The use of natural resources has been a forefront issue in local and national news and a debated topic in the current GOP campaign. However, one natural resource that will never deplete if managed well is timber.
Foresters play a key role in facilitating the production of wood products, while maintaining a balance of wildlife habitats and healthy water qualities. Through Auburn University’s forestry program, students are gaining hands-on experience on how to be eco and consumer friendly to maintain this balance.
For forestry senior Charlie Smith, 21, his love of the outdoors and desire to make a positive impact on the environment naturally led him toward this career path, but Auburn’s impressive forestry reputation made the Loveliest Village his destination point.
“I chose to come to Auburn because it is a top university in the country for this career and because it is one of two schools in the state of Alabama that provides the forestry major,” Smith said.
The great amount of hands-on experience is the factor that separates Auburn’s program from other schools, namely its summer practicum. The summer practicum is held in Andalusia, Ala., across 10 weeks. During this time, upcoming foresters attend classes and work in the field.
“It was a great learning experience, and it allowed many lifetime friends to be made,” Smith said. “During the two months in Andalusia, there were many different areas of forestry covered such as measurements, forest biology, operations, surveying and management. The majority of classes I have taken at Auburn have provided me with an abundance of real-world knowledge.”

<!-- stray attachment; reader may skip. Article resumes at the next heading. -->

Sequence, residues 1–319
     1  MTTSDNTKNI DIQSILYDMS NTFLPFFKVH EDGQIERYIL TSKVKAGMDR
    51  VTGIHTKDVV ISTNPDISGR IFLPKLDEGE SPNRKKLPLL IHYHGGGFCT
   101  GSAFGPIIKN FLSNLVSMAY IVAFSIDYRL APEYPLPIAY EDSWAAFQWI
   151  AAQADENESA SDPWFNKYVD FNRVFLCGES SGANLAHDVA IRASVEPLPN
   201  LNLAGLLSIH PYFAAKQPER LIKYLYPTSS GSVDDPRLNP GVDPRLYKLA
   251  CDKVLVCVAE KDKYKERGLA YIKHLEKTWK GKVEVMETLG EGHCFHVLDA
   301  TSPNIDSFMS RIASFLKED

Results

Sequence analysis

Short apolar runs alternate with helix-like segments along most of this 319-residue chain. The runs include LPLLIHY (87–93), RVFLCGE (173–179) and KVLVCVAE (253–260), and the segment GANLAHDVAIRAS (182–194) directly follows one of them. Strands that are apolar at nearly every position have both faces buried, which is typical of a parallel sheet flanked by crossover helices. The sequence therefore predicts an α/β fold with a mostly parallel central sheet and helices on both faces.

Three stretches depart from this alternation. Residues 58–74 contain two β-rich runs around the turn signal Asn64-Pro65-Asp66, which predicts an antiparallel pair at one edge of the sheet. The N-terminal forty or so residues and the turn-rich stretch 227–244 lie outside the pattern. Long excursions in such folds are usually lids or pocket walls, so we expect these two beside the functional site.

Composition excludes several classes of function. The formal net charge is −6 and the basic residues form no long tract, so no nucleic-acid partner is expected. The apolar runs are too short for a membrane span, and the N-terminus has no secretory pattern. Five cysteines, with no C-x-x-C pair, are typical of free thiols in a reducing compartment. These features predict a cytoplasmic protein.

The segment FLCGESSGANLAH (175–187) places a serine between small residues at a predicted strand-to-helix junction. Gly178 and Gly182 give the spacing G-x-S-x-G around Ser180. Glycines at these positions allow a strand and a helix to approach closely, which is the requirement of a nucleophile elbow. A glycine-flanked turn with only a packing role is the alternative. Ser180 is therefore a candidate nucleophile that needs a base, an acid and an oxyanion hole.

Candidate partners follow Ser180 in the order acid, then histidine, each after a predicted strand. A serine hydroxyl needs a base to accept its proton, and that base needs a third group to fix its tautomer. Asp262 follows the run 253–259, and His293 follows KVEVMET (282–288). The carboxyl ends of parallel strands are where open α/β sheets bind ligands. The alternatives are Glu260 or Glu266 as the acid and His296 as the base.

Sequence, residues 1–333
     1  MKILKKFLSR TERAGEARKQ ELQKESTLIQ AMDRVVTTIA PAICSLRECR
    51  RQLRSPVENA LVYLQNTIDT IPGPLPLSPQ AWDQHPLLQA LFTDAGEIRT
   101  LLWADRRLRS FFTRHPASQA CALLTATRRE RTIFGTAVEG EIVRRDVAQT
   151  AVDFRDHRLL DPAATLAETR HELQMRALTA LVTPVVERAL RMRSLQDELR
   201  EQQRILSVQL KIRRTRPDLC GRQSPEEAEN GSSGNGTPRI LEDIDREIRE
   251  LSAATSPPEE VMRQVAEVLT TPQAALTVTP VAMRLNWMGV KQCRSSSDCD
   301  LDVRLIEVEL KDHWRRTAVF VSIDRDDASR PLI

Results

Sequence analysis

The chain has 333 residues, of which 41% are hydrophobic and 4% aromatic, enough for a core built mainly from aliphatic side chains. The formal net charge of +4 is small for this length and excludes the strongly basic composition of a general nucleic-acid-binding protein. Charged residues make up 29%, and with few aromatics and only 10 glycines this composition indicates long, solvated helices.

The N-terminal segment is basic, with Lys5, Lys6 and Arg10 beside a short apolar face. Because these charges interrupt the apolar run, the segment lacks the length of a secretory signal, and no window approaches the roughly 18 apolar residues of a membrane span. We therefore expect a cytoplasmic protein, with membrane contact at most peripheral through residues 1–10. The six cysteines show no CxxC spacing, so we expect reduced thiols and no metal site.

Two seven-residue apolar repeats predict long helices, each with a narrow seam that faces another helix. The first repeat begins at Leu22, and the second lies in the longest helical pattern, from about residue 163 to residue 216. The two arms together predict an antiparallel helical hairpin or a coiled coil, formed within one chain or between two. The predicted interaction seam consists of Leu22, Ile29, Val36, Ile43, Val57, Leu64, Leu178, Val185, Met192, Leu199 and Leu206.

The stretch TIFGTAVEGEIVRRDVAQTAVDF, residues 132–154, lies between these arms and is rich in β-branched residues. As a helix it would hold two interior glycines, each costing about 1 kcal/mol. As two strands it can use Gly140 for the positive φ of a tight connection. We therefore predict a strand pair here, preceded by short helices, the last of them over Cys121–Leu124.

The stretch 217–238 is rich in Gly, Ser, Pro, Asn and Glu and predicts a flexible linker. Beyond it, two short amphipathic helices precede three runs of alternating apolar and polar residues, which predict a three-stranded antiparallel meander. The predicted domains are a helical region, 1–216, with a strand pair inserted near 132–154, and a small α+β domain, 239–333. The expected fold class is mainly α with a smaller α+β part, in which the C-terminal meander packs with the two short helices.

The high level of working knowledge and experience that Auburn’s forestry program has provided its students is not the only reason it is regarded as an elite university for this sector.
“I would definitely recommend any prospective student to attend Auburn,” Smith said. “There is an excellent staff who has much expertise in this program of study as well as many other fields that would intrigue any person’s ambitions.”
Like any profession with environmental responsibilities, foresters have their share of supporters as well as adversaries. Some argue that cutting down trees is hazardous to the ecosystem and disrupts biodiversity. Smith counters this argument with his goal for sustainability.
“Forestry is the management of the world’s natural resources that if gone unmanaged would be over exploited and eventually wasted,” Smith said. “It not only allows numerous products to be made, but it is crucial for the recreational uses of the present and future generations.”
As Smith approaches graduation in December 2012, he looks forward to utilizing the knowledge that he has acquired from Auburn as well as implementing his own goals of maintaining a healthy and balanced natural environment.
“I just want to become a good steward of the land and use proper silvicultural practices,” Smith said.
To learn more about Auburn University’s forestry program, visit its website at https://sites.auburn.edu/academic/sfws/Pages/default.aspx or “like” them on Facebook at http://www.facebook.com/#!/forestryclub.